A judge approved a settlement Thursday that says the state of California has to pay $53 million to improve literacy across the state.
The settlement states that $100 million will go towards helping 75 low-performing elementary schools develop customized three-year literacy action plans. The remaining $3 million will be used for a literacy expert to help develop the state’s literacy action plan and identify where training is needed.
Mark Rosenbaum, directing attorney at Public Counsel, which filed the lawsuit, said,
“The right to read is not just the cornerstone of education, it is the cornerstone of our democracy. Without it, we continue to build a future on the illusion that the haves compete on the same terms with the have nots. This revolutionary settlement, coming nearly 70 long years after Brown v. Board, does not end that struggle, but it invigorates it with the power of children and their communities who insist on the equal opportunity to tell their stories and remake California in the images of all.”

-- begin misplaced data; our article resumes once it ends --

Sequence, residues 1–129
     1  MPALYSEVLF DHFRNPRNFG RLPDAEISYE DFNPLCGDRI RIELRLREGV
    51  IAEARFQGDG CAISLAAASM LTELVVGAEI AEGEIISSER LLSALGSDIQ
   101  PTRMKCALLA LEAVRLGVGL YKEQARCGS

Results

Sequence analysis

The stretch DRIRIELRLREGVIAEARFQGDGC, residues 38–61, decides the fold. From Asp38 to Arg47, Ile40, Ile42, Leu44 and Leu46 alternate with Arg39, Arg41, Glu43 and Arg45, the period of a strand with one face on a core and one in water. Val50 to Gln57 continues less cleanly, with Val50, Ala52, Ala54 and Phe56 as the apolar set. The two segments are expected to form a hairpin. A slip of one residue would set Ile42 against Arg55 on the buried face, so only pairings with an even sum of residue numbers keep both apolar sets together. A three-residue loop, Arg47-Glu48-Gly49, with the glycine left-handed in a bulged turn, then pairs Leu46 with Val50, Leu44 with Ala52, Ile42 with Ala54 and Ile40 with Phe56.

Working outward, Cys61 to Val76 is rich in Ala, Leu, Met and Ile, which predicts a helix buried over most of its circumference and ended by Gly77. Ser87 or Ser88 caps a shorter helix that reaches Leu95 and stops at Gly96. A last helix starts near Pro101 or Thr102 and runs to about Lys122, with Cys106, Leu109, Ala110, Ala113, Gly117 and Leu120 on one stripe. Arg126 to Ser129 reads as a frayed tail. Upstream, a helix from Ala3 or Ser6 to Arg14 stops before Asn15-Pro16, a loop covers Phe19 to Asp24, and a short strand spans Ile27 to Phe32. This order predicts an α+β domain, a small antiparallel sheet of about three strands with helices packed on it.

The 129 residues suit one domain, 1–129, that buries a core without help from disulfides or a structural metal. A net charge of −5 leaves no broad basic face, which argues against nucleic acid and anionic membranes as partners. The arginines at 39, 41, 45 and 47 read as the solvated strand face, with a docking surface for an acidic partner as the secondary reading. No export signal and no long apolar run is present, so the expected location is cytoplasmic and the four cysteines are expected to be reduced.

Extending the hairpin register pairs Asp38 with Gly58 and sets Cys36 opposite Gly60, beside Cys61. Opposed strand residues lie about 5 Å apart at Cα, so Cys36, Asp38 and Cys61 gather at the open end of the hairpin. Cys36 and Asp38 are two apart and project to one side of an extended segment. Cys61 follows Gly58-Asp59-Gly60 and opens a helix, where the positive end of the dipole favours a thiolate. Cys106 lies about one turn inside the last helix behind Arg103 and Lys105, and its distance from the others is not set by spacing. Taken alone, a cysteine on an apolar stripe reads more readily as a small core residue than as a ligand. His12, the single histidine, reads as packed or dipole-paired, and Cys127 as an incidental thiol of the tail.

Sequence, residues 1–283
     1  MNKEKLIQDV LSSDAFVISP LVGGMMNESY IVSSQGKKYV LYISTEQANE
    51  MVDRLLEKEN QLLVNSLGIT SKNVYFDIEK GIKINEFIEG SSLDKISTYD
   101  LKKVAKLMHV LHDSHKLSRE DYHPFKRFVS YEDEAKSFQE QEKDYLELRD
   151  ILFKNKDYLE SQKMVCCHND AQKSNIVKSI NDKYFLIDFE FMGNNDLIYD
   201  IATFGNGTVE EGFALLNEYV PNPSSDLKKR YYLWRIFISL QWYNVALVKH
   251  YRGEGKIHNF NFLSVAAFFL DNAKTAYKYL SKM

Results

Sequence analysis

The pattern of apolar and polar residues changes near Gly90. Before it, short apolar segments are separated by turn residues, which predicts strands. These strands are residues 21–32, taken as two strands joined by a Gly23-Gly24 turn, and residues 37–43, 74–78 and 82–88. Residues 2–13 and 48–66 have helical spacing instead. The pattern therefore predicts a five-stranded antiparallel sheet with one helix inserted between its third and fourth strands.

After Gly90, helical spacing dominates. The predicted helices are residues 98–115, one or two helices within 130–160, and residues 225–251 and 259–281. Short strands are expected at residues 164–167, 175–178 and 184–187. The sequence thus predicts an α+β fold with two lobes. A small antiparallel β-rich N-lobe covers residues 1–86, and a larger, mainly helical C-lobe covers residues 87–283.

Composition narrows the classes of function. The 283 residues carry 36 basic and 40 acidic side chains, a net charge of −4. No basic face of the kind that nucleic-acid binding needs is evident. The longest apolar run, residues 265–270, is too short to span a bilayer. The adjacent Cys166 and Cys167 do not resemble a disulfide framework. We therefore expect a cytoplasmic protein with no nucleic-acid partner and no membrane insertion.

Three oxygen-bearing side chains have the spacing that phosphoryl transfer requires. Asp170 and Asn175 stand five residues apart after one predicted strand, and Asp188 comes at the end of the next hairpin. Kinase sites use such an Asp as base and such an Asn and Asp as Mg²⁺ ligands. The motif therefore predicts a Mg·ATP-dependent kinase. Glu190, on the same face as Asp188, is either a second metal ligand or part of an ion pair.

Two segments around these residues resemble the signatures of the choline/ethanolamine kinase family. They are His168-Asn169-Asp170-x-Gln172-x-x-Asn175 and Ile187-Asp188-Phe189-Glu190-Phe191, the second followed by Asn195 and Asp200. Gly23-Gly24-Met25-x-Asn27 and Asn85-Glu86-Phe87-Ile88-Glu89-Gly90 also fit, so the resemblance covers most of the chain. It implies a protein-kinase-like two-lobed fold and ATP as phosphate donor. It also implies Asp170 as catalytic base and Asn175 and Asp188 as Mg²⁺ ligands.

The lawsuit was filed in December 2017. According to the suit, it was filed, “On measures of literacy and basic education, in the 200 largest school districts in the country, California has 11 of the lowest performing 26 districts, including three among the lowest performing 10 districts.”
David Moch, a former teacher at La Salle Elementary School and one of the plaintiffs in the case, said that a lack of funding, support and the absence of culturally relevant material kept him from teaching his students the proper reading and writing skills.
“I taught for over 20 years in a community with a high rate of foster care, a large low-income population and a high crime rate, and yet I know that my students while both brilliant and capable, were not always able to live up to their full potential because they were often stifled by the lack of adequate literacy education,” he said.
The Los Angeles Unified School District Superintendent, Austin Beutner, said that while the settlement is a step in the right direction, it’s a small one.
“There is talent in every seat in every classroom in every one of the 1,386 schools in Los Angeles Unified,” he said. “But there is not always opportunity. We’ve work to do, and the kids are counting on us.”